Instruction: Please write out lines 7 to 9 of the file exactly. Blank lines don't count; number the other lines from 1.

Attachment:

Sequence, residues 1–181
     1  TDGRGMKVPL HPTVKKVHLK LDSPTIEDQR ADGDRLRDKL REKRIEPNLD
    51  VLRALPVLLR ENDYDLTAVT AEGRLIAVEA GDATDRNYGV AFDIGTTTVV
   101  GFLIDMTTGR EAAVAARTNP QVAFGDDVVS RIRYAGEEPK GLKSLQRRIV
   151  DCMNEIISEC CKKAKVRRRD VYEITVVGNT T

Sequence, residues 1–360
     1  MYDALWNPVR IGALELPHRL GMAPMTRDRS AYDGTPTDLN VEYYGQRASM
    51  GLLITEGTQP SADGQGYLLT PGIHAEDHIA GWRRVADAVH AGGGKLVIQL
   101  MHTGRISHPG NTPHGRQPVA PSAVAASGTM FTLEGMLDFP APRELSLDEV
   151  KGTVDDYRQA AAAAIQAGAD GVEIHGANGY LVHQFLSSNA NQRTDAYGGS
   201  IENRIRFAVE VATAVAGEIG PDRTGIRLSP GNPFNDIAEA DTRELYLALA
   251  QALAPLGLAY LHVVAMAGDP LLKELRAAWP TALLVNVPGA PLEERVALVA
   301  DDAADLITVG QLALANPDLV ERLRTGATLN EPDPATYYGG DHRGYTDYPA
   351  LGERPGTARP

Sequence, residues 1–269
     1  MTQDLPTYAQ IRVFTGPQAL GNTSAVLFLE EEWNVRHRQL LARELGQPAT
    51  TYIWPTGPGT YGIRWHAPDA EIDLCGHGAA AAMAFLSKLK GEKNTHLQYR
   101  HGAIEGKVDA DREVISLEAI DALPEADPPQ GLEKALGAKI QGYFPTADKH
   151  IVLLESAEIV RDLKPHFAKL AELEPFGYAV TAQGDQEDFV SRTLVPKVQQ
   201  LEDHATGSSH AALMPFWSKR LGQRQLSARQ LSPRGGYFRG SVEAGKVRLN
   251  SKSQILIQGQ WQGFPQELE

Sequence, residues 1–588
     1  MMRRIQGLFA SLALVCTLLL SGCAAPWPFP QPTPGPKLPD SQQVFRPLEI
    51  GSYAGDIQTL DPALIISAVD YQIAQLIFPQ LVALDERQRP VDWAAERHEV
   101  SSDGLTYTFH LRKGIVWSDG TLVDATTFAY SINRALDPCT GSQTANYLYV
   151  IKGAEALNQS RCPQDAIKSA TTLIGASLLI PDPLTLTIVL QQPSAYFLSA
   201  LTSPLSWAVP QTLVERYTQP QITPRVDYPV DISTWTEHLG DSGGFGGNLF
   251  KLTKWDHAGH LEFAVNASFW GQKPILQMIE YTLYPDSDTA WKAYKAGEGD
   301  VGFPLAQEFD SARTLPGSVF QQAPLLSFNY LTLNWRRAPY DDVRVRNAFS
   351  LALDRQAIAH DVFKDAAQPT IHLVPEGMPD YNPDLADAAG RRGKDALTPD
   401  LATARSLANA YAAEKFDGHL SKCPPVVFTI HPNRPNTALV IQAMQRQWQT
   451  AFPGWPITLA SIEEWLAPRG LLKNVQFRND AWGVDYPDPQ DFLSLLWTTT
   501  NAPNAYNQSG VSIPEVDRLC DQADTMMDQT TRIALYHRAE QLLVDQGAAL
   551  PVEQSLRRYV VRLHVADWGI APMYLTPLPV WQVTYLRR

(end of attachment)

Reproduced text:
     1  MYDALWNPVR IGALELPHRL GMAPMTRDRS AYDGTPTDLN VEYYGQRASM
    51  GLLITEGTQP SADGQGYLLT PGIHAEDHIA GWRRVADAVH AGGGKLVIQL
   101  MHTGRISHPG NTPHGRQPVA PSAVAASGTM FTLEGMLDFP APRELSLDEV